Ed Davis and Kosta Koufas each grabbed 12 rebounds in Memphis’ 110-91 rout back on Dec. 3, while Jon Leuer pitched in with nine. Davis and Randolph combined for 26 in a 99-91 victory on Jan. 3, only to outdo themselves with 17 and 13 respectively in a five-point win a week later.
The point is, the Grizzlies have at least five or six quality rebounders who will grind and pound in order to create extra possessions at the offensive end and limit opportunities at the defensive end.
Who steps up for Phoenix and takes ownership of the glass outside of P.J. Tucker and Miles Plumlee?
Can Marcus and Markieff Morris throw their weight around enough to make a difference? Will Channing Frye exert as much energy inside the paint as he usually does beyond the arc?
If the answer is no to both, odds are Phoenix struggles to stay competitive in the second half.
Do the Suns get the fan support they rightfully deserve when it matters most?
The Arizona Cardinals were the last team in the NFC to miss out on the postseason in 2013. The Phoenix Coyotes just suffered the same fate over the weekend and will miss the Stanley Cup Playoffs for a second consecutive season.
Simply put, the Valley hasn’t experienced postseason play of any kind since 2012, a drought that’s even longer for its oldest tenant.
Yet with the stakes as high as they have been over the last few weeks, the first two home contests in April were sharp contrasts of one another.
Against the Los Angeles Clippers, the US Airways Center crowd appeared to be taking in an early-season affair. The energy was rather limited until the team rolled out to a 17-point lead in the second half.
Four nights later with Kevin Durant and the Oklahoma City Thunder in town, it was a complete 180.
Monday night is the closest thing to playoff basketball the Purple Place has hosted since the 2009-10 Western Conference Finals.
Will weekday traffic and a baseball game across the street deter the paying customers, or will they galvanize around the slimmer of hope that still exists for their beloved Suns?
Tags: Eric Bledsoe · Goran Dragic · Memphis Grizzlies · Phoenix Suns · Phoenix Suns Preview
Posted by Ryan Weisert on April 12th, 9:32 pm
It’s the small things that decide games in the NBA. That has never been more true than in the Phoenix Suns’ 101-98 loss to the Dallas Mavericks tonight. Eric Bledsoe misses a free throw with a chance to tie the game at 99. Gerald Green comes up just short on a baseline jumper with a chance to take the lead. Bledsoe’s fingertips are the last to touch the ball as it flies out of bounds with 25 seconds left. Each one of these is just a single play in a single game. Had even one of them gone the Suns’ way, the outcome of this game might have been different. But what’s done is done. The Mavericks are back in the playoffs, and Phoenix longer controls its own destiny.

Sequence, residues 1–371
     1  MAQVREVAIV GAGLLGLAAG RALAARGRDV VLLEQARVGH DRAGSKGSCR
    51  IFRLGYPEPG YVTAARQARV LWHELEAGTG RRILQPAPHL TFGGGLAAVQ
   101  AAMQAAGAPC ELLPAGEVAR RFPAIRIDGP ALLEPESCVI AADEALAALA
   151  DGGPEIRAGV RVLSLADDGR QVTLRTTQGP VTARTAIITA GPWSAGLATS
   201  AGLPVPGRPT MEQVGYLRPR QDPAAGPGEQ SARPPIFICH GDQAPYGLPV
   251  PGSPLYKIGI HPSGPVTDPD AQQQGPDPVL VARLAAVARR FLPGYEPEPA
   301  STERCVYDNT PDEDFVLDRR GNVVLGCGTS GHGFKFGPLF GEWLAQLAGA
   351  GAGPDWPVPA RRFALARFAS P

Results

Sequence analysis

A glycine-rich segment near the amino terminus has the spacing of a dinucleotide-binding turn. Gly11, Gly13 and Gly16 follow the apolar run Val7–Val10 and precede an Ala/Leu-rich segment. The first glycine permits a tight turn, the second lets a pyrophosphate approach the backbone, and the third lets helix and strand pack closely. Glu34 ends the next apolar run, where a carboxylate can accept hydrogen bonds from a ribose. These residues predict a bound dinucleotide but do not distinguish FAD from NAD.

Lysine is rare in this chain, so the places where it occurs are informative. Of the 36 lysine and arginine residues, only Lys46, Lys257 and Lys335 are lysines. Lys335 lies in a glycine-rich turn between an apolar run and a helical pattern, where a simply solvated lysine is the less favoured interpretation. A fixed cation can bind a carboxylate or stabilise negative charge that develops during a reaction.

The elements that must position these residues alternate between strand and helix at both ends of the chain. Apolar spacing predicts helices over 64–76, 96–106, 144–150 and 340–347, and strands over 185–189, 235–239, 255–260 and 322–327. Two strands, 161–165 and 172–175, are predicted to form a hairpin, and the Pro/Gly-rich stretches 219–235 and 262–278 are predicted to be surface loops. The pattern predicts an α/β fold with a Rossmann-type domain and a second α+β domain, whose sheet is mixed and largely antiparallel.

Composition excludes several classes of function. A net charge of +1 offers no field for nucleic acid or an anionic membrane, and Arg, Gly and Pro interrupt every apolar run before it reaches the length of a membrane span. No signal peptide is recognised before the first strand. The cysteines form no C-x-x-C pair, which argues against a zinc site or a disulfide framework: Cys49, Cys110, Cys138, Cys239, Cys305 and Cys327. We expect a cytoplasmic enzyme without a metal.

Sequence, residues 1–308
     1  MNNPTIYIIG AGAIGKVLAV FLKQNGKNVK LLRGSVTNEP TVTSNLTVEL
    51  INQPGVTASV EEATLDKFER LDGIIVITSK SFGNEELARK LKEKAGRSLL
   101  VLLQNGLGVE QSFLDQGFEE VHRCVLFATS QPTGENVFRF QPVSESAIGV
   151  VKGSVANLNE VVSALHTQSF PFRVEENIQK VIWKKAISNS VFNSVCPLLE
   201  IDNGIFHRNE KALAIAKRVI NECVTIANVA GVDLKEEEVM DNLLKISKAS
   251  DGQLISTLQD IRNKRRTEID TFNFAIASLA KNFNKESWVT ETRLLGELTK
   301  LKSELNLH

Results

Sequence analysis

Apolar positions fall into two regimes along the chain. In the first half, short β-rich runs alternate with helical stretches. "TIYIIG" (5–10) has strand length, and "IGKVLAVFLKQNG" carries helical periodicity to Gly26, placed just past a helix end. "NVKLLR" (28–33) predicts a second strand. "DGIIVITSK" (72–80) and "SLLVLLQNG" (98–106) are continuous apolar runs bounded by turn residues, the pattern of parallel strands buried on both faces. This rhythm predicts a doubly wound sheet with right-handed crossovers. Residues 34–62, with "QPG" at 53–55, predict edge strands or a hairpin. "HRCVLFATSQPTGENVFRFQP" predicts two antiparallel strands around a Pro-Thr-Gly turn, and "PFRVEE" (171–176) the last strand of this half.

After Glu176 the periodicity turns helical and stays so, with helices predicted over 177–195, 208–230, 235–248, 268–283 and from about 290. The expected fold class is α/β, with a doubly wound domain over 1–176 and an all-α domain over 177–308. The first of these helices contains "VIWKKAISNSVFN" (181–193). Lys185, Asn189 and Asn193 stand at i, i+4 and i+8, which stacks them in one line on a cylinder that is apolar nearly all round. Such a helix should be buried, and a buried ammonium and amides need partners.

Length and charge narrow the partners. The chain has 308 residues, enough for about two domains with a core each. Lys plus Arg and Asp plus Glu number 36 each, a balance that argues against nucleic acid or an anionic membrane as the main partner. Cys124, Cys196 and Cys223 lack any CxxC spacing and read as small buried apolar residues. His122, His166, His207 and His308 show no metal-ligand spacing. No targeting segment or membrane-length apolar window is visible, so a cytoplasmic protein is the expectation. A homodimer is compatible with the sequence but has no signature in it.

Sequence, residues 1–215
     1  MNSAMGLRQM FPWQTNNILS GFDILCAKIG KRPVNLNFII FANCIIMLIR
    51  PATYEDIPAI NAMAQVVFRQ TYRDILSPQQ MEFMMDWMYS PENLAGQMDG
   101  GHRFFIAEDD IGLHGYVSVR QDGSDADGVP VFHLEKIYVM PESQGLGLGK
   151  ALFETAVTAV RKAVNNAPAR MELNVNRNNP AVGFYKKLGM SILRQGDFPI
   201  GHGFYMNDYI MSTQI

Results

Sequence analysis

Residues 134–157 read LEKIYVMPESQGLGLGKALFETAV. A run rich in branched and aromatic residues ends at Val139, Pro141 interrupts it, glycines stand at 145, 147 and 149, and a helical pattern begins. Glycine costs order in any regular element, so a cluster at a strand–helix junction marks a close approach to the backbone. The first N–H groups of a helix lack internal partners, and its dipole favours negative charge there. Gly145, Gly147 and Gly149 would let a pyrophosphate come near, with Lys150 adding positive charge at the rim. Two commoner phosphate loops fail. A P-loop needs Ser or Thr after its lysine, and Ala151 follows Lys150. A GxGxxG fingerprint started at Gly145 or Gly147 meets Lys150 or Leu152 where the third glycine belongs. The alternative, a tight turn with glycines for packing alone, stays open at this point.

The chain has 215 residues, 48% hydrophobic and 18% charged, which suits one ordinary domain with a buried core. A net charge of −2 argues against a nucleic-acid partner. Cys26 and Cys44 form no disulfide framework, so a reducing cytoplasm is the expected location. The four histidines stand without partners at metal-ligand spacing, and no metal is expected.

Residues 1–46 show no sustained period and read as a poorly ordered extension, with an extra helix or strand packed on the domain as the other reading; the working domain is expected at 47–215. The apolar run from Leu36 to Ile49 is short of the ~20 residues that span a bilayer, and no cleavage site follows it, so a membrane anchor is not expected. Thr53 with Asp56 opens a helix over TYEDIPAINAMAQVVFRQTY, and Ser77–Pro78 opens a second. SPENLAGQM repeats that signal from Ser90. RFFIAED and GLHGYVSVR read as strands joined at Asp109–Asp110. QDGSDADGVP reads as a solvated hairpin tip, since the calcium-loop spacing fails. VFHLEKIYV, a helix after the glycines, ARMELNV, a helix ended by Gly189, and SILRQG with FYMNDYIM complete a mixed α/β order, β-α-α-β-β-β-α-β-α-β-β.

The Suns have only one path to the playoffs now. They have to finish with more wins than Memphis. While this is a daunting scenario that requires Phoenix to depend on other teams, the playoffs are still a possibility. Kevin Zimmerman breaks down the scenarios here.
The Suns’ road to the postseason looked much smoother at halftime in Dallas. Phoenix held an 11-point lead after two quarters thanks to Channing Frye’s five triples and the team shooting 60% from the floor. Despite the fact that they committed 10 turnovers and gave up seven offensive boards to the Mavs in the first half, the Suns were dominating nearly every phase of the game. Defensively, they held Dirk Nowitzki to just two points and his team to just 42% from the floor. Eric Bledsoe put up 17 points on 6-of-7 shooting, and Phoenix had already rung up 13 fast break points.
But as has happened so many times this year, Phoenix faltered coming out of halftime. For the second night in a row, their 3-point defense completely collapsed. The Mavericks took advantage hitting five triples in the third quarter and whittling the double-digit down to just three points heading into the final frame. At that point, the writing was on the wall. The Mavericks had all the momentum and a raucous crowd on their side. Though the Suns hung tough in the fourth, and had shots to tie and take the lead late, Dallas – carried by Monta Ellis and Dirk – would not be denied. Ellis finished the game with 37 points (15-23 FG, 3-4 3pt) and five assists, while Dirk had 23 points and eight rebounds. In the first half, Monta drove and scored at will because the Suns had gone small and had no rim protection. When the Suns shifted their defense and closed off the paint, Monta got Dirk going from deep. It was the best game I’ve seen Monta Ellis play in seven years. He picked a hell of a time for it.
For the second night in a row, Phoenix raced out to an early lead only to watch it slowly and painfully evaporate. I don’t think any of the Suns will vacation in Texas anytime soon. For more on tonight’s game, let’s answer our three preview questions.
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Tags: Dallas Mavericks · Phoenix Suns · Phoenix Suns Preview
Posted by Kevin Zimmerman on April 12th, 9:08 pm
Prepare to root for Mike D’Antoni and Steve Nash one more time. And for likely the first time, Phoenix Suns fans might find themselves rooting for the Los Angeles Lakers. With Phoenix’s 101-98 loss to the Dallas Mavericks on Saturday, the Suns find themselves in a precarious position.
They’re relying on haterade connoisseur Swaggy P.
The Mavericks (49-32) already sit at 49 wins with a game left. They have locked themselves into a playoff spot with tiebreakers over both the Suns and Grizzlies.